It was the best of times, it was the worst of times…if you understand that reference then you’re probably my age or older (or just enjoy reading). Actually, this weekend it was the best of times for three of my athletes.
Recently in my city of Ottawa we had our annual Ottawa Race Weekend. It is a fantastic weekend for runners where they hold a marathon, half marathon and a 10k and 5k and all events are well attended with over 30,000 people participating. Every year it is run flawlessly for the most part (although they had a bit of a screw up on the ½ marathon course this year) and attracts runners from all over the world. Since runner coaching is a part of my business I wanted to share a story about three of my athletes who all come from different aspects of fitness, but all achieved a level of success this weekend, even though they started in very different places.
RP is a gentleman who has been working with me for over two years, who although he just turned 40 still has the athletic ability of a gazelle and the sparkling wit to match. When he started working with me he had acute Achilles tendonitis and he had 8 weeks to his first marathon. He couldn’t run for more than about 10k without pain. I distinctly remember the look on his face when I told him his mileage was getting cut in half 8 weeks before a marathon, but he went with it and successfully ran his first marathon. Since then he has done several other races including two more full marathons, a half marathon PB and a 500 kilometer bike ride from London to Paris. Last weekend he beat his personal best on the marathon by over 30 minutes by staying consistent and running 4 times per week with a gradual buildup to 65-75k per week over time.
TW is a woman who came to me only a few months ago with another problem – this time ITBS, or iliotibial band syndrome and she couldn’t run at all, but still wanted to compete in the 10k with a restriction of only running 3 times per week (with a holiday mixed in for good measure). She had previously done marathon training so was used to volume, but had to have some adjustments to her speed (I actually sped her UP to give her a proper gait) and work on her IT band issues, which resolved fairly quickly. Her initial goal was to complete the 10k, but then a few weeks out we changed that to doing it in under an hour, which she had never done. She finished in 58:30 with a smile on her face and no IT band issues.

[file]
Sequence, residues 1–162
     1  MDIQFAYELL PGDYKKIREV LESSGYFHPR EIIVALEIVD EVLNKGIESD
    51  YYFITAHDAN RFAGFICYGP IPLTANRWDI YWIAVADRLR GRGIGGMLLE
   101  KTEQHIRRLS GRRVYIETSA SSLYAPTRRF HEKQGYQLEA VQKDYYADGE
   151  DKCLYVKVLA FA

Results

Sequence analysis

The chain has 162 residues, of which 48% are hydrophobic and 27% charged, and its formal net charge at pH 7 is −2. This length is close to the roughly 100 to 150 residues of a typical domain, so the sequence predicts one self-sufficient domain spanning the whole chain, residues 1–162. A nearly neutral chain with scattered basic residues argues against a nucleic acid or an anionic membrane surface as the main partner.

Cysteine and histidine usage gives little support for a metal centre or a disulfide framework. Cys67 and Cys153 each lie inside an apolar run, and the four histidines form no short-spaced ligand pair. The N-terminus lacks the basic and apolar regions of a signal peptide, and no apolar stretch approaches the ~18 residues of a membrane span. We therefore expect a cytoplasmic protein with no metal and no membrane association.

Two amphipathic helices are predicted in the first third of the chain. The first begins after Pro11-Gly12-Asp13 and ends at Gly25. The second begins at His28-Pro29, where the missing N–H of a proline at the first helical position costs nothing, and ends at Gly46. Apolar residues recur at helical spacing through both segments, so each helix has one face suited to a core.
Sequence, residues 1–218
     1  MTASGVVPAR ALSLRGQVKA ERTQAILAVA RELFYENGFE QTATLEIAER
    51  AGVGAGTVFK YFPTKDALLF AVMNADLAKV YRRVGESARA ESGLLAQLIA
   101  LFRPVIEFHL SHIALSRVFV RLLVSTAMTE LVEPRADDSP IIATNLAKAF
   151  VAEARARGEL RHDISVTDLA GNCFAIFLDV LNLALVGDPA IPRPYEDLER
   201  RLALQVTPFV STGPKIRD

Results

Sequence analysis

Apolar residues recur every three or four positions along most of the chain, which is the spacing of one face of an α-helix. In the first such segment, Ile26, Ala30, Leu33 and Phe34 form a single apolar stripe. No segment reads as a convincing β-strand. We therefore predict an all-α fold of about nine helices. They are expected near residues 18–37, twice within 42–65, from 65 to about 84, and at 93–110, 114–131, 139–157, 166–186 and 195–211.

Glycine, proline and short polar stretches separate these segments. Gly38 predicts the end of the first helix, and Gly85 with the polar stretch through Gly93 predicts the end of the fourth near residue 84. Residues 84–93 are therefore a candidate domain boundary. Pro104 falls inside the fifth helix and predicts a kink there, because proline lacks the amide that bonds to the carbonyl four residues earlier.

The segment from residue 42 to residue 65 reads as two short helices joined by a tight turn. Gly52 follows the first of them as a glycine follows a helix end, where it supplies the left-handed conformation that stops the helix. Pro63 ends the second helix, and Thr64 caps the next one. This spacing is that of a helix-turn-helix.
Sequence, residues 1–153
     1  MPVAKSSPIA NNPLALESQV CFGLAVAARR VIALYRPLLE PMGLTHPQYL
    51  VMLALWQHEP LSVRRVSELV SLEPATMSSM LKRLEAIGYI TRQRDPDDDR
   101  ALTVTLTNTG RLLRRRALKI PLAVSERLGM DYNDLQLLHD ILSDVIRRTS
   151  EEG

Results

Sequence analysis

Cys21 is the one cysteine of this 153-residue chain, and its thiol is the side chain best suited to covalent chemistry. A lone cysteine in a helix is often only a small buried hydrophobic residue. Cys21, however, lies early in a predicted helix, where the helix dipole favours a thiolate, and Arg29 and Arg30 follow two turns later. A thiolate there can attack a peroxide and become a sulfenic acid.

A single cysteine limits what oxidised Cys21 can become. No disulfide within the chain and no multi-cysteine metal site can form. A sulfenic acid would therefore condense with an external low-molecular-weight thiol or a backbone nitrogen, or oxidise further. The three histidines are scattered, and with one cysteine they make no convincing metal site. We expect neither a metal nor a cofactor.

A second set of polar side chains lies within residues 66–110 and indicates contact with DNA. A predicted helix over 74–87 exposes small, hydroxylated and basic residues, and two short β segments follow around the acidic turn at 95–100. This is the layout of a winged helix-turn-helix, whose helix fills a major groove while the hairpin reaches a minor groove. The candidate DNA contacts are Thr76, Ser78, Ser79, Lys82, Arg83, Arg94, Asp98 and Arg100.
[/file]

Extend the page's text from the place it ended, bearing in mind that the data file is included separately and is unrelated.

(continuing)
CM is a woman who I have been working with for about a year who came to me because she liked to walk long distances with a goal of completing another ½ marathon walk in another short time line. She is obese and has some other health issues that make it difficult for her to move. We got her through that race, however she continued to suffer from calf and ankle issues and had to restrict her volume so that she could stay consistent with her workouts. She completed another ½ marathon walk last weekend only about 10 minutes slower than the year previous – having never walked for more than an hour in training. For her a ½ marathon walk takes four hours but she got through it, even on a brutally hot day.
These three people all made significant accomplishments last weekend. The point I’m trying to make is that different people accomplish things differently. All three of these athletes came at their respective events from different places, skill levels and levels of progression. However, all had a successful result following a plan – and in CM’s case that plan was simply to get it done even though we both knew she was going to have a hard time. With all the athletes they did what they could to make consistent progress towards the goal they had set – and then those got modified when progress was either better or worse than expected.
Anyone can be successful given the right tools and progression, no matter what you want to do. Want to bench press 300 pounds? Want to run a marathon? Want to climb a mountain? Great. The idea is to set the goal and then work towards it carefully, mindfully towards what your body is capable of at that time and then just keeping moving forward. And you’re never going to get anywhere by trying to not listening and respecting your body when you try to push it too far too soon. The great thing is, it will tell you when you’re pushing too hard and try to stop you – you just have to listen.
Getting hurt doesn’t mean you have to stop – it means you have to learn what caused you to get hurt, and either stop doing it or modify what you’re doing in order to let it recover and not have it happen again down the road. Attack the problem, not the symptom. With a couple of these athletes it was a simple form adjustment and being mindful of what they were doing, which you should be doing anyway.
So today, tomorrow, whenever you start working towards something be smart, progress yourself within your tolerance limits and above all, listen to your body. Oh, and hire a good coach. I happen to know one, and he trains runners virtually as well if you’re interested. Maybe next year you can have the same success that all of these people did, even though they started from completely different places.
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